Below we offer an example template that can be used for undertaking a SWOT analysis. The items that have been listed in the various sections are made-up examples, but they show how the findings can ideally lead to a number of critical elements in a new or renewed counter-trafficking strategy.

    Counter trafficking strategy

    development – SWOT analysis

    Analysis Objectives
    1. Establish a long-term mission statement for the policy
    2. Identify the most pressing stumbling blocks to moving toward a comprehensive policy
    3. Spell out the resource-driven issues

    Internal Factors
    1. Comprehensive legislation and adherence to international laws
    2. Strong judiciary
    3. Strong statistical capacities
    1. Corruption in police and administration
    2. Policy function scattered across govt officers
    3. Lack of human resources with long experience
    External Factors
    1. Keen public awareness
    2. High-profile victims have come forward
    3. Regional support
    1. Resilient organized crime
    2. Mixed migration/populations at risk in region
    3. Political sensitivities with neighboring countries

    Policy Elements for the future
    1. Actionable, evidence-based
    2. Build practitioner's networks
    3. Strengthen prosecution on corruption

    Available Resources

    Comment: A key aim is to formulate a number of key issues in the various categories and then ideally finding that some elements in different categories jointly lead to certain conclusions regarding the follow-up. In the example above, an identified strength and a weakness were seen to be a strong basis for a policy element for the future.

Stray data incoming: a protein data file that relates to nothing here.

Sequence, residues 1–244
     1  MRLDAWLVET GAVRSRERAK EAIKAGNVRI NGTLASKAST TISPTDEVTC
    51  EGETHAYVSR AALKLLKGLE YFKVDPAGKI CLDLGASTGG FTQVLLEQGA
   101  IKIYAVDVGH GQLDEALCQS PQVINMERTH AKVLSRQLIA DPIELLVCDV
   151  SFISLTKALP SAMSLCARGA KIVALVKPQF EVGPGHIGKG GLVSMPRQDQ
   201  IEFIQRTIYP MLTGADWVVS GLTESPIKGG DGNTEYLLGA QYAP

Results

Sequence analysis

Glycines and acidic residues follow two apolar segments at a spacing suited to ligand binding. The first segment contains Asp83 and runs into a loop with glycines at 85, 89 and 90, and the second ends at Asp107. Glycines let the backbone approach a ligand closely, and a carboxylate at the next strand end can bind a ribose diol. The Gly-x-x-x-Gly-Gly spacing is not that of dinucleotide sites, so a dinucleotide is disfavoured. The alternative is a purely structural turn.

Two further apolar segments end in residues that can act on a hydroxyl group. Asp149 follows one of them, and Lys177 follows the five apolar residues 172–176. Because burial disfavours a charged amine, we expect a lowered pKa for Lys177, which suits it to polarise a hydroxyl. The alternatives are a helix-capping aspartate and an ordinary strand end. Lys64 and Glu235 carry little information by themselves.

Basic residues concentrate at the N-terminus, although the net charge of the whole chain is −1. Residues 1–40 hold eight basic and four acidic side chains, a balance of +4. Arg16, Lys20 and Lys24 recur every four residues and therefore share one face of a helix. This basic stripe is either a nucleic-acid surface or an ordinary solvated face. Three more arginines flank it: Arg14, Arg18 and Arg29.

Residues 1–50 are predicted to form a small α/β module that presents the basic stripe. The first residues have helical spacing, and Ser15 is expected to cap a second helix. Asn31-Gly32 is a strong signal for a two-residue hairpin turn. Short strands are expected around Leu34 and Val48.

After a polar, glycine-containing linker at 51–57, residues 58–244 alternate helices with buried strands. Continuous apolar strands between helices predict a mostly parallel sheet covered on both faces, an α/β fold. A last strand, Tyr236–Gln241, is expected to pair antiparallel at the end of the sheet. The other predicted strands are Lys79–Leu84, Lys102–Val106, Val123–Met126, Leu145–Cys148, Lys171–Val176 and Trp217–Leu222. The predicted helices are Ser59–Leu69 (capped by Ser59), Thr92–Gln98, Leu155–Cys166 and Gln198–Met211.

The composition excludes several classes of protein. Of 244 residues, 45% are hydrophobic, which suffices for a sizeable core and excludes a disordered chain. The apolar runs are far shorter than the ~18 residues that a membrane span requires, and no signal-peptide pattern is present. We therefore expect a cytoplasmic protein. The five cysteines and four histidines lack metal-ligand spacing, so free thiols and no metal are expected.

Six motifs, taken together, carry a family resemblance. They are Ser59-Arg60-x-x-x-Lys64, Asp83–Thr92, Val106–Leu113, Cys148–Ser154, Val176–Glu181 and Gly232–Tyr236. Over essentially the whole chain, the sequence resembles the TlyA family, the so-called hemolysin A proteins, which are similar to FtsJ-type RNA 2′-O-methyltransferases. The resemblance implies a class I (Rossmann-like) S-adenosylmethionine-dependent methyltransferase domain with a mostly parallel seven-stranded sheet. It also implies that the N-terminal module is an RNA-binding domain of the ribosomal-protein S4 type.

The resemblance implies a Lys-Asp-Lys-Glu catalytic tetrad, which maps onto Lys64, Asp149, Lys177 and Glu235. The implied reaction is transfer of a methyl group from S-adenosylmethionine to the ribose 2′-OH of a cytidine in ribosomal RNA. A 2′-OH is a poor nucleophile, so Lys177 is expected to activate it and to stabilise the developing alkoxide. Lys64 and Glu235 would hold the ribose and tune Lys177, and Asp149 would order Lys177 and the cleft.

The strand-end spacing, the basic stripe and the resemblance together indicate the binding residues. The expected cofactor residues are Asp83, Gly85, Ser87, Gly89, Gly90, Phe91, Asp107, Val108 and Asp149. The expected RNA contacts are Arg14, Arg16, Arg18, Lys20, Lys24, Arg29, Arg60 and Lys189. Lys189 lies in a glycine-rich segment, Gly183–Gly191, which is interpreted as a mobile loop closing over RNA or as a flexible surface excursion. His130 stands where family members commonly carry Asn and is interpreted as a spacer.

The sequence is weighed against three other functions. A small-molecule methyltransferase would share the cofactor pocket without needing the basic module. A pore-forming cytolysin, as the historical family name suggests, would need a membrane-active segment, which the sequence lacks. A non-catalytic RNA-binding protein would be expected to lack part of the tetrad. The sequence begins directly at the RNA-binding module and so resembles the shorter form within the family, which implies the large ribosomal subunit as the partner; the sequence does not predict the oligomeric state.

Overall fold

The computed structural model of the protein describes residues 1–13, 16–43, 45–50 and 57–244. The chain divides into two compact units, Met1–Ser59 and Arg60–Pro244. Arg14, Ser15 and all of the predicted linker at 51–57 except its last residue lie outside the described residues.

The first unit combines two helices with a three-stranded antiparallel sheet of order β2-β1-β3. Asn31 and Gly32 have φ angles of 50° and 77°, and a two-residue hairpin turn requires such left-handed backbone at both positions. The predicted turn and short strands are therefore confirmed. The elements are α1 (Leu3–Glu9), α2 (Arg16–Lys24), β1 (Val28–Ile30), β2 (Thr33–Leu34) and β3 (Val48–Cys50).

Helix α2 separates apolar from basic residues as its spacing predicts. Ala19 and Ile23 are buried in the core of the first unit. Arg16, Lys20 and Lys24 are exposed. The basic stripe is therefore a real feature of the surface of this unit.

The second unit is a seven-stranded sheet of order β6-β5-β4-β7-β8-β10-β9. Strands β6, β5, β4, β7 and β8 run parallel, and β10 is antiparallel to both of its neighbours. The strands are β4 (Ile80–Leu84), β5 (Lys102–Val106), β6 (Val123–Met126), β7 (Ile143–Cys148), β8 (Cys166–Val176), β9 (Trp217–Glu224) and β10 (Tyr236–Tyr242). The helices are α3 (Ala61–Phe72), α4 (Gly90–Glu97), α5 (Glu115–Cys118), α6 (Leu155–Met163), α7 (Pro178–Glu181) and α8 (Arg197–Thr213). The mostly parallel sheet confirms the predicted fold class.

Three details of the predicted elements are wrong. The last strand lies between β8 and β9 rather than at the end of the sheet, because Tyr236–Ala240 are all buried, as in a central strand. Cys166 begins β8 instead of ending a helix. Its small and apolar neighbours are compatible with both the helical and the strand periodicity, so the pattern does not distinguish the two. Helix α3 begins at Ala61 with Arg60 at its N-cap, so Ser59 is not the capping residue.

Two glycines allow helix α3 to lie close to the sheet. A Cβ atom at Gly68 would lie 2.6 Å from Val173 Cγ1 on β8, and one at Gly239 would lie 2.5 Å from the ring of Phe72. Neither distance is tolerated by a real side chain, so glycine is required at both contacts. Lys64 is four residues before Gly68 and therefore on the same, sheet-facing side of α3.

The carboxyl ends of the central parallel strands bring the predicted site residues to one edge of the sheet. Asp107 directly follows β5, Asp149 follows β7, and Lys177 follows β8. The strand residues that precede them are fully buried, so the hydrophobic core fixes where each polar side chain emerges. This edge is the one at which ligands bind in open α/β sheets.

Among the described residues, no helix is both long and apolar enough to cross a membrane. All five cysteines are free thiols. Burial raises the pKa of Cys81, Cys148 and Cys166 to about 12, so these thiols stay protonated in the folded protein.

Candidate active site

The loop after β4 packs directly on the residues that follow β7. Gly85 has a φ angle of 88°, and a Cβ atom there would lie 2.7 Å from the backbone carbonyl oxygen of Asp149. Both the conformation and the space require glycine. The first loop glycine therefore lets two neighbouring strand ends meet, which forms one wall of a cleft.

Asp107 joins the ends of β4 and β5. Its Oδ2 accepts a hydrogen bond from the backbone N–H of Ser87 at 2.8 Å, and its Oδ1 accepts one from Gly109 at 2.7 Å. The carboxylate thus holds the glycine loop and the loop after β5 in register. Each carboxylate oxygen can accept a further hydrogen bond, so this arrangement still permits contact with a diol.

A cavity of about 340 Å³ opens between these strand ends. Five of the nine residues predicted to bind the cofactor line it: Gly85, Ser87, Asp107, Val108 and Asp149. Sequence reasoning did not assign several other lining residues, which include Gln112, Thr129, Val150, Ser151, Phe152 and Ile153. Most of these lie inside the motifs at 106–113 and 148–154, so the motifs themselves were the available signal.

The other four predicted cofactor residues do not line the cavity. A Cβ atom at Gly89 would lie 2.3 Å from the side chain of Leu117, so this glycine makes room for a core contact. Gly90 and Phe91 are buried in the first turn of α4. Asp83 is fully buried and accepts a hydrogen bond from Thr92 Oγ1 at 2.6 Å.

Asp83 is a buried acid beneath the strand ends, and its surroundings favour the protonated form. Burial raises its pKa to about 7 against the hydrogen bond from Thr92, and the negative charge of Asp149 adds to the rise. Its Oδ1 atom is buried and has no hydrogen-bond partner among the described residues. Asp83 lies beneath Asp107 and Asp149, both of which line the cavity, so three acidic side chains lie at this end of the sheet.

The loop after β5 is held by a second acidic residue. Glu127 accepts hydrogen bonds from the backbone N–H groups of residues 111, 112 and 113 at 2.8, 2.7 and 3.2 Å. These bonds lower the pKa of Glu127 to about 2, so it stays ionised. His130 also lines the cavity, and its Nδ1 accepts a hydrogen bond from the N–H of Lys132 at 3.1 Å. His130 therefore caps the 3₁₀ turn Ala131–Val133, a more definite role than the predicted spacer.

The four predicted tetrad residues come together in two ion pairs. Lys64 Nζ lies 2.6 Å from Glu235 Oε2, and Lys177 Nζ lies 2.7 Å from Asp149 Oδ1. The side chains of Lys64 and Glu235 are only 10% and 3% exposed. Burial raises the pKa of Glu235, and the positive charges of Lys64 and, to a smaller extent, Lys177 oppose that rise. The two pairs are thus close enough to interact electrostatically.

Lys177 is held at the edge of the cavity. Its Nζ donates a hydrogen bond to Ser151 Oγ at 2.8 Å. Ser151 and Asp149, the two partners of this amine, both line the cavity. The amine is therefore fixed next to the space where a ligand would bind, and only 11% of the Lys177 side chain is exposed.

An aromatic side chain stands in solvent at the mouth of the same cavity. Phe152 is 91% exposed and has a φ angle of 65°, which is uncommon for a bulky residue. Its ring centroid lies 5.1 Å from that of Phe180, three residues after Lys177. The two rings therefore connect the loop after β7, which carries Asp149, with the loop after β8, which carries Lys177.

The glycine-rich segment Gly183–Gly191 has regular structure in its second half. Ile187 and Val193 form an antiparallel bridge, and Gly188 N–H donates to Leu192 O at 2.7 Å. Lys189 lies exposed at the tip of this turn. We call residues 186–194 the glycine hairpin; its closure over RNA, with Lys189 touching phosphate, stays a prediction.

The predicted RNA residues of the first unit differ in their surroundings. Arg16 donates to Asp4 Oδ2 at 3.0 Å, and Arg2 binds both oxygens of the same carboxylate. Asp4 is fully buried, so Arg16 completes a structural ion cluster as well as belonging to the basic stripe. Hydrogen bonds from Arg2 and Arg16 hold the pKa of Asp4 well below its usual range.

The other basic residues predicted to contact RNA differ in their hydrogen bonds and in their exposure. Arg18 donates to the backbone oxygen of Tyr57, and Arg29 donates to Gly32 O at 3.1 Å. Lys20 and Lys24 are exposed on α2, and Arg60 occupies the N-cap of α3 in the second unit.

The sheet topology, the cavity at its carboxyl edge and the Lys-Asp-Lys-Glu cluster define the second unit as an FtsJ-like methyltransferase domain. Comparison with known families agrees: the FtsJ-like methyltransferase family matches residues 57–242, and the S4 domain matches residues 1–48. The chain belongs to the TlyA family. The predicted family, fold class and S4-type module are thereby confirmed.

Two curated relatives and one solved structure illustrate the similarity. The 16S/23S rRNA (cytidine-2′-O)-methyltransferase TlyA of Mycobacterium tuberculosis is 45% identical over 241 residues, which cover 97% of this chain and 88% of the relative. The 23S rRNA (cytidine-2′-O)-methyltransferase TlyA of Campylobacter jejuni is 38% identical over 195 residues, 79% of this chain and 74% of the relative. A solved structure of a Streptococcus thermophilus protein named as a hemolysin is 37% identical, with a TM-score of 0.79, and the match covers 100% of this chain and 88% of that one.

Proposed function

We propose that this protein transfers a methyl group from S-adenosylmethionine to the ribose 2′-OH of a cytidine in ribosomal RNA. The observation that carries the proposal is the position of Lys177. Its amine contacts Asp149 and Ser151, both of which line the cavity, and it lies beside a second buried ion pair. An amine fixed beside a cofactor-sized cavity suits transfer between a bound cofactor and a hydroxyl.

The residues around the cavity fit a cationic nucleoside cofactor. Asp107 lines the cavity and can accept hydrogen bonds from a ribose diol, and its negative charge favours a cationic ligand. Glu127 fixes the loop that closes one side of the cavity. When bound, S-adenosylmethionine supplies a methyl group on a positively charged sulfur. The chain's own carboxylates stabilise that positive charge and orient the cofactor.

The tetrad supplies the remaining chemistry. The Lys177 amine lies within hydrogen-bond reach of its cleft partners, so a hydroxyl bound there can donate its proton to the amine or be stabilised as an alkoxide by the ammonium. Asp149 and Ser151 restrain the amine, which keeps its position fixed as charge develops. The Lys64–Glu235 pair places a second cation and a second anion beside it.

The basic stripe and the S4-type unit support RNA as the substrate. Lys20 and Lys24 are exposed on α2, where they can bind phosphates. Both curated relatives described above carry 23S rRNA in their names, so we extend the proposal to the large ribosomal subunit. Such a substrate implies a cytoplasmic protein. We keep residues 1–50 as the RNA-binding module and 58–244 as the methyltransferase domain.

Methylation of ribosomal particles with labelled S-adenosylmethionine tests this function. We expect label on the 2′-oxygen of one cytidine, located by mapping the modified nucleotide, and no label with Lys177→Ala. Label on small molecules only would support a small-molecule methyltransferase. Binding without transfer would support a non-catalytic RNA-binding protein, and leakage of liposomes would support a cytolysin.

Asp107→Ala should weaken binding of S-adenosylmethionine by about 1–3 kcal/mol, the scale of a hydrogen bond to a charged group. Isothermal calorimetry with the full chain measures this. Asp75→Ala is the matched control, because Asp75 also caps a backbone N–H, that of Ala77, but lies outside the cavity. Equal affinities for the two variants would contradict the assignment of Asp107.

This is a method for ensuring that the targets, objectives or outcomes that are formulated for the strategy are as meaningful and realistic as possible. The method is basically a checklist of attributes that will be important to have in mind when formulating the outcomes for the counter-trafficking strategy. The figure below is one example of the kind of requirements one could expect “SMART” goal setting should fulfil.

    Specific — is the desired change clearly specified? An example of a clearly defined objective is to increase or decrease something by a specific amount (e.g. by 20% or by 40%). Something general such as raising awareness of trafficking is too broad and makes it impossible to assess whether you reached your project’s objective.

    Measurable — is the desired change measurable? Your project’s objectives should be measurable. Common variables to measure are changes in knowledge, attitudes and behaviour of the target audience.

    Achievable — is the objective achievable within the time and resources allocated? For example, a potentially unachievable project objective may be to reduce trafficking in persons by 99%. Though it may be a worthy objective, it may not be achievable within the project’s timeframe.

    Relevant — is it relevant to the project’s goal? If your project’s goal is to increase the number of people migrating regularly, your objectives should be in line with that goal. For example, an objective in line with this goal could be “increasing visits to the migrant resource centre by 30%”.

    Time bound— the objectives need to be achievable within a specified time period. Often the period given for the objective to be achieved is the duration of the project. For example, to increase visits to the local migrant resource centre by 30% within 12 months.